Making Wise Investment Decisions

Jason Roblin
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There may have been a time when you thought it would be great to buy some property and turn it into a rental unit. Perhaps it’s a smaller fourplex, a larger 16-unit property or even a single dwelling. Whatever the situation, investing in rental property can be prosperous, but there are certain factors to consider when determining which type property is best to invest in.

Research. This is one of the first things that you should do before making any big decisions. Put some time and effort into determining what type of units are in most demand in the current market.

Is it a three bedroom that would accommodate small families or a couple of roommates? Perhaps, the market is demanding one bedroom units that are best suited for students, young professionals or couples? Your decision on the type of property to invest in might be easier to make if there is, in fact, a shortage of any one type of unit in the city.

A second consideration is a location. You’ve heard it before – location, location, location makes all the difference! Is it near a major employer or educational institution? Is it close to elementary or secondary schools? What about a shopping centre? Location plays a key role in determining your ideal tenant and target rent.

Once you have looked at what types of property that might be in demand and where the next factor to consider is whether you to intend to invest in a new rental property or purchase an existing one. Investing in an existing property may affect cash flow.

Property that was built on April 9, 2001 has a 15-year exemption from guideline rent increases or 20-years if it was built after March 7, 2005.

If an older property is selected as an investment, the property may be within the rent control guidelines which means that rent can only be increased each year by the prescribed amount set by the province each year. This will affect cash flow as you are limited in your ability to increase rent to cover expenses and mortgage payments.

On the flip side, if you are building a new rental property you will have 20 years to adjust the rent to cover increases in expenses such as changes in interest rates or property taxes, while still staying within rates of what the market will handle.

Of course, it’s impossible to decide on what type of property to invest in without considering finances. Most financial institutions require 25 per cent equity in a rental property, meaning that the financial institution will finance 75 per cent of the asset. Although the equity may be tough to come up with, you could obtain a line of credit on your main residence to make up an equity shortfall and deduct the incremental interest against the income from your rental property.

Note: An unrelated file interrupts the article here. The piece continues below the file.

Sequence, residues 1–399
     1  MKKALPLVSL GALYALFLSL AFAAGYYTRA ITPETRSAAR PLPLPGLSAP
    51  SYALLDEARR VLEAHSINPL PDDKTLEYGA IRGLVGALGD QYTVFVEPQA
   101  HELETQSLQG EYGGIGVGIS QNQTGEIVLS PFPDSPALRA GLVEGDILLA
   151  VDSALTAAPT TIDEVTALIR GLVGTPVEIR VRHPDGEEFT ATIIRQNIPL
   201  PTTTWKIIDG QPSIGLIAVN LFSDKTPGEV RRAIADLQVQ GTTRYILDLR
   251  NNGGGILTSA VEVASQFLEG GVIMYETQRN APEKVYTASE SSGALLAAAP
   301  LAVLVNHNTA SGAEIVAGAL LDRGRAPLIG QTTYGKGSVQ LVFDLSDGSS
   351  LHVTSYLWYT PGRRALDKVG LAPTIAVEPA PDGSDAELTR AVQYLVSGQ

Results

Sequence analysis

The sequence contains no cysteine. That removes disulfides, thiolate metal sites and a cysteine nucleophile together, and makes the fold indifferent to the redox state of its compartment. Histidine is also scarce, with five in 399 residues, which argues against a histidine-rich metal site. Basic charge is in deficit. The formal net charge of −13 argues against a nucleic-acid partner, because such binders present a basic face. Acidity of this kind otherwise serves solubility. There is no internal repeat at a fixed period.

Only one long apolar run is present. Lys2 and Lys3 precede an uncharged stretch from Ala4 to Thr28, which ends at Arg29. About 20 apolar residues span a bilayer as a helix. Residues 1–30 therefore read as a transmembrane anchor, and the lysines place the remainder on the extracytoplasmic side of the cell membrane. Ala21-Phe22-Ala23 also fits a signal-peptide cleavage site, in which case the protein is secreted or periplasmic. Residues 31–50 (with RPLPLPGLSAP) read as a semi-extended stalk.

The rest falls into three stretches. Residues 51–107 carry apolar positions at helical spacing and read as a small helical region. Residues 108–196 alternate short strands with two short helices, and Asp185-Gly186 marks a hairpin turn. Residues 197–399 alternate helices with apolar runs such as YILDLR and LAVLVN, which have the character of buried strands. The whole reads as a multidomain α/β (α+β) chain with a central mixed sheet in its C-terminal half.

There also may be options available through the Canada Mortgage and Housing Corporation that will allow you to purchase a rental property with less than 25 per cent equity, however, there are premiums added to the mortgage as well as covenants such as audited financial statements that could potentially reduce the annual return on investment.

Finally, how do you feel about taking calls in the middle of the night to fix a broken heating system? Are you willing to handle basic maintenance, be on the property immediately following a snowfall? The answer to these questions will help you to decide if you want to self-manage your property or hire a licensed property manager. Not only will a property manager handle all the challenging day-to-day tasks, they will often have systems and processes in place that will mitigate the risk of your investment.

Headquartered in Brandon, Manitoba, Vionell Holdings Partnership (VHP) has operations in Brandon and Thompson. VHP provides rental housing and property management for an array of residential and commercial customers, including Condominium Management.  VHP currently has over 2,500 units under management in Manitoba.